Joshua Tucker

Joshua Tucker is a professor of Politics at New York University with an affiliate appointment in the Department of Russian and Slavic Studies and New York University-Abu Dhabi. His major field is comparative politics with an emphasis on mass politics, including elections and voting, the development of partisan attachment, public opinion formation, and, political protest.

Recent Articles

Switzerland Post-Election Report: 2011 Parliamentary Elections

In our continuing series of election reports , we are pleased to welcome the following post-election report on Sunday’s Swiss Parliamentary election from Sean Müller and Paolo Dardanelli , both of the University of Kent . [NOTE: An incorrect, slightly different version of this post was originally posted. This version now reflects the correct version. Apologies – JT.] ************** Swiss federal elections rarely produce dramatic results but, by the country’s standards, this one was more momentous than most. Some of the major trends that have shaped Swiss politics over the last 20 years appear to have come to an end and a significant change of direction is in the making. The right-wing Swiss People’s Party (SVP/UDC), which had grown relentlessly since the early 1990s, lost ground for the first time while the Greens, the other rising star of Swiss politics, suffered a major defeat. Both parties lost support primarily to start-ups that had broken away from their own ranks. The Radical...

Why Now? Micro Transitions and the Arab Uprisings

We are pleased to welcome the American Political Science Association’s Comparative Democratization Section as the second section to take up our offer to provide a selection of articles from their newsletter free to the public here at The Monkey Cage . (See here for past posting of articles from Section newsletters.) Over the next three days we will post articles from the current issue of the Comparative Democratization Section Newsletter; if you like these, you should consider joining the section so you can have access to the full content of the newsletter! As these articles are longer than a typical Monkey Cage post, we will put first few paragraphs on the main page and then have a click through for the rest of the article. We will also make the article available in .pdf format. Our first article is by Ellen Lust of, Yale University [i] . The full version of the article can be downloaded here ***************** Events that shook the Arab world since January 2011—variously termed the...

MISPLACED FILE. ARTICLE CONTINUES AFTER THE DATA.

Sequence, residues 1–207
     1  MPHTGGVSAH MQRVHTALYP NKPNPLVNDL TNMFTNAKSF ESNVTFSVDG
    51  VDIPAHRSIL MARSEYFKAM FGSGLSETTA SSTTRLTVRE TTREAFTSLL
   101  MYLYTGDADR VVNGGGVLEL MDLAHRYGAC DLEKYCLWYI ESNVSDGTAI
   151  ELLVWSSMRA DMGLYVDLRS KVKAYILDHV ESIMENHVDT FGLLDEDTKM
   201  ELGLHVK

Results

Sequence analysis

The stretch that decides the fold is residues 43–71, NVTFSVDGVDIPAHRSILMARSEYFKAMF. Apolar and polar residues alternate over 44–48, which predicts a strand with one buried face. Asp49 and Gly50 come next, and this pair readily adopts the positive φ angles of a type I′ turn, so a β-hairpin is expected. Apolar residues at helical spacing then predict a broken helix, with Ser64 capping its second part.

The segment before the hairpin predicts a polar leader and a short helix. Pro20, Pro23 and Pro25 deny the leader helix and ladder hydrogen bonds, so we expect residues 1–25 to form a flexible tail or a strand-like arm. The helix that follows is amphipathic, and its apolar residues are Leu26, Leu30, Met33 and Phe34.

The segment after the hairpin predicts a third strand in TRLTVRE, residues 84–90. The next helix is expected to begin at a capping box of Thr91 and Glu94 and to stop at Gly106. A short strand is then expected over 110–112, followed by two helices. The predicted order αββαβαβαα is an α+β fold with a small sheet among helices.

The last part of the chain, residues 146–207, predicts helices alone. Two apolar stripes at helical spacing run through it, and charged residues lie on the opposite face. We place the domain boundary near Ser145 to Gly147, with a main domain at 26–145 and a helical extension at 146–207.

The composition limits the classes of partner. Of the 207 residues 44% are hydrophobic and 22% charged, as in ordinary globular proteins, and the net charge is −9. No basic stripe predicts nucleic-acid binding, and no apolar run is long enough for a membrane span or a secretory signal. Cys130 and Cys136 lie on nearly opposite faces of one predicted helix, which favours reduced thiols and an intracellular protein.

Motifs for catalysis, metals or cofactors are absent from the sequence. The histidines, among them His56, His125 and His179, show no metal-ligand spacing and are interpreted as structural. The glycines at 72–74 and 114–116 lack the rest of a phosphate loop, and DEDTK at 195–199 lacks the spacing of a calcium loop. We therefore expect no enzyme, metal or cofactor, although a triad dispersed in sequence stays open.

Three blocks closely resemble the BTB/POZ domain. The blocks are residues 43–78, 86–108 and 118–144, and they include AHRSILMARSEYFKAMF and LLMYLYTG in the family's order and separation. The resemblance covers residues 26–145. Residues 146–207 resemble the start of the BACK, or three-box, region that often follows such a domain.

More on Qadaffi’s Death: Violent Leader Removal Increases Likelihood of Democratization

In response to my request for research on the effect of the death of dictators on the future prospects of the country in question, Michael Miller of the Australian National University sent along the following comments: You pose some very interesting and timely questions related to Qaddafi’s violent ouster and what this implies for Libya’s democratic prospects. I have some research here directly on this question. The gist is this: On average, the violent removal of an autocrat (whether by coup, rebellion, assassination, threat, or foreign assistance—it doesn’t seem to make much difference) makes it three times more likely that a country will democratize in the immediate future. About half of democratic transitions occur within five years of a violent ouster, and another quarter after a peaceful turnover between autocrats. Hence, there’s a big association between an autocratic leader leaving office and autocracy ending. I argue the main reason is that violence indicates and contributes...

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